Using Technology to Reduce the Cost of High Dosage Tutoring: Experimental Evidence (with Monica Bhatt, Jon Guryan & Michael LaForest)
Previous research from the University of Chicago Education Lab has shown that high-dosage tutoring is one of the most effective education interventions to help students advance even if they are behind grade level. Research has shown that one year of Saga Education’s traditional, 2:1 high-dosage tutoring model improves a student’s math learning by an additional two to three years. While we know the traditional Saga tutoring model is effective, the cost of providing every two students with one tutor is cost-prohibitive for many school districts. Thus, even though high-dosage tutoring has been shown to be effective, many districts cannot implement this program at the scale needed.
New research from the University of Chicago Education Lab shows that Saga Education’s blended-learning high dosage tutoring model, which introduces the use of an education technology platform in addition to in-person tutoring, provides similar gains in student math achievement as the traditional Saga tutoring model. The program reaches more students by increasing the student to tutor ratio to 4:1, and by using education technology platforms to also personalize instruction. In the blended learning model, students split their time between working in-person with a tutor and on an education technology platform. With this blended model, we find students who participated in Saga’s blended-learning model gain an extra one to two years of additional math learning, when compared to students who did not participate. These results are promising, as they show that it is possible to scale up high-dosage tutoring by lowering the cost of the intervention while still preserving its effectiveness.
Learn more about our work by reading this two-pager.
"Unmet Expectations: The Impacts of School Construction on Female Outcomes in Rural Punjab, Pakistan” (Job Market Paper) (2 minute Video Documentary Style) (2 minute Video with Slides) (Blog) (Won Best Student Paper at AGEW 2021)
In this paper, I study the long-term and intergenerational effects of expanding educational opportunities through school construction in a low education setting with significant gender inequality (rural Punjab, Pakistan). Using administrative data on historical school construction that started in the 1960s, I exploit variation across birth cohorts and regions in the timing of school construction to build on a Difference-in-Differences approach that allows for staggered school construction in this context. I find that an additional girls’ school per 1000 children at the district level led to a 4-5 pp (20-25%) higher likelihood of girls completing primary education and increased their years of education by around 0.5 years. I do not find any statistically significant impact of the boys' school construction on their education. These findings indicate that improved access to schooling is driving the results on educational attainment since mobility restrictions, due to social norms, are only relevant for females in this setting. I also find evidence of intergenerational impacts on educational attainment of children of mothers that are more exposed to the school construction program. However, I do not find corresponding improvements in female labor market or marriage market outcomes as a result of improved educational attainment. These findings contribute to a growing literature that finds that females in developing countries continue to face barriers in terms of later life outcomes despite improvements to their educational attainment especially in settings where social norms and the economic position of males may mediate these effects. My findings provide valuable insights to policy makers interested in returns to girls education as well as addressing gender inequality in developing countries.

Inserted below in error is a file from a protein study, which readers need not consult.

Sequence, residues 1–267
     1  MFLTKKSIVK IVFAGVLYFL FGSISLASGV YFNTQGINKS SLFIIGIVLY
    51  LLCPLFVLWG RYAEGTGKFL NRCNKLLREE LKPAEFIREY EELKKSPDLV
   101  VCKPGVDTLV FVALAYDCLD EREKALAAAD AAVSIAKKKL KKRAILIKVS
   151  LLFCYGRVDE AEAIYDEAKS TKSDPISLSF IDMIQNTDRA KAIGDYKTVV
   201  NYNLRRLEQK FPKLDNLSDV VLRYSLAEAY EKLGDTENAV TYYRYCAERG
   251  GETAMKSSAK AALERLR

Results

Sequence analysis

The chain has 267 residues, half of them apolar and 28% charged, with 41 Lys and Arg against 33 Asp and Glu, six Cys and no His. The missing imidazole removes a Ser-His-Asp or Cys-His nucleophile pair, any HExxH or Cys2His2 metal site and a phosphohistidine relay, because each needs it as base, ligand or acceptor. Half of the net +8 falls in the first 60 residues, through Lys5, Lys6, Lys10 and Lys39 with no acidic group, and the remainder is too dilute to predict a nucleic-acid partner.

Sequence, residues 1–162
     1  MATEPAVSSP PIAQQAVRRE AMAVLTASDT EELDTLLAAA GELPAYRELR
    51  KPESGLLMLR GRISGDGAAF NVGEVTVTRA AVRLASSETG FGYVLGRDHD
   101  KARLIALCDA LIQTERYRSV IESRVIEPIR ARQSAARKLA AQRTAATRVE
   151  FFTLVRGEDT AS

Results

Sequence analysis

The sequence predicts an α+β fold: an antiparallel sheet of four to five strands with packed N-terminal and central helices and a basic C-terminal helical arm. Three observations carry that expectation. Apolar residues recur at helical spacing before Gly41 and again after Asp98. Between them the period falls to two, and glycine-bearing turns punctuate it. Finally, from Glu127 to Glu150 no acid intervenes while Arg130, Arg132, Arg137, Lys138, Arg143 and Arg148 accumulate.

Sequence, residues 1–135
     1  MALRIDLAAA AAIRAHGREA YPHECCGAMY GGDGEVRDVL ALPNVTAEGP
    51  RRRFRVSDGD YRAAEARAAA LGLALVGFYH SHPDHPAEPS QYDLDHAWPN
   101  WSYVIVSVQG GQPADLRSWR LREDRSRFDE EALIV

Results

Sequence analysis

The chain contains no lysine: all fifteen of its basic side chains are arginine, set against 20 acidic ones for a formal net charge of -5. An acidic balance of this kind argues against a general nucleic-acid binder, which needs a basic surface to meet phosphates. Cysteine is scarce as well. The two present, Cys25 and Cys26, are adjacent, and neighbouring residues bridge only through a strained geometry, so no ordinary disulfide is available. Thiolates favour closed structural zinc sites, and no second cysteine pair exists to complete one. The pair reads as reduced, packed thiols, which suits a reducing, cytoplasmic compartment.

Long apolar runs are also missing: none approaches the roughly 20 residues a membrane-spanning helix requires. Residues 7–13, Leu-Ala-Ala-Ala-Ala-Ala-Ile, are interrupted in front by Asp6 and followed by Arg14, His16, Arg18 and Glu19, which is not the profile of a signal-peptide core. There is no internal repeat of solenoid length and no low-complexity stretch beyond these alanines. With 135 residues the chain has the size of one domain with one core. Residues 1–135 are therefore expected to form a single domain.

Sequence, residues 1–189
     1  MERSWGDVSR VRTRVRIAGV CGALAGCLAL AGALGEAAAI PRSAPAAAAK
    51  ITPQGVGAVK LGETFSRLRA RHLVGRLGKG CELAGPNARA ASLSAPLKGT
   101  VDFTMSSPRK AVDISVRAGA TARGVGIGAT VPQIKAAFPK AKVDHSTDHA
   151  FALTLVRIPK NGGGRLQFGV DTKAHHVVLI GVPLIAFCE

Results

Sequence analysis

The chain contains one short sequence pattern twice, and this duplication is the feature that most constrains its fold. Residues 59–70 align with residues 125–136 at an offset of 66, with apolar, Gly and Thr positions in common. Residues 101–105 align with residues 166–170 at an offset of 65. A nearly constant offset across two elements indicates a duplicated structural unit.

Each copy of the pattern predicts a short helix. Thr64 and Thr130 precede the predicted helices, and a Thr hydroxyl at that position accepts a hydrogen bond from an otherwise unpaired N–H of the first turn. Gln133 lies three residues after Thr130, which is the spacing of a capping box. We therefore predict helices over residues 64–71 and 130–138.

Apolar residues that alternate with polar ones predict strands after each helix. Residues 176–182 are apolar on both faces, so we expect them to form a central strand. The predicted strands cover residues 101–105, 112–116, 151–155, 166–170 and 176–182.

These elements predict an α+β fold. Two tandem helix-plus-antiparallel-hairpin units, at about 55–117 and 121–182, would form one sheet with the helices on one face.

Watch a quick summary of my JMP in 2 minutes (Documentary Style)
“Human Capital Investments of Young Hispanics: The Bright Side of the Great Recession?”
In this paper, I analyze the impact of the labor demand shocks induced by the Great Recession on the human capital investments of young Hispanics, a disadvantaged sub-group in United States on the basis of their education. I use a Bartik approach where I construct labor demand shocks separately by race group and ethnicity at the metropolitan area level to analyze their impact on schooling decision of young cohorts. I find that the higher responsiveness of young Hispanics, even conditional on the differential size of the shock experienced by Hispanics relative to other groups, can explain more than half of the observed convergence in High School dropout rates and college attendance rates between Hispanics and other groups following the Great Recession. My results are robust to specification checks for endogenous migration and highlight the impact shocks to opportunity cost can have on educational decisions of a historically disadvantaged group.
(Selected) Research Work in Progress:
“Impact of Lady Health Workers on fertility outcomes of rural females: Evidence from Pakistan.”
“Local labor market outcomes and the slowdown in Mexican emigration to the United States” with Darren Lubotsky and Benjamin Feigenberg.
“Determinants of non-compliance with Covid-19 regulations: the role of right wing groups?” with Hasin Yusuf.
“Chance for All or Opportunity for Some: The case of Low Fee Private Schools in a low education setting.”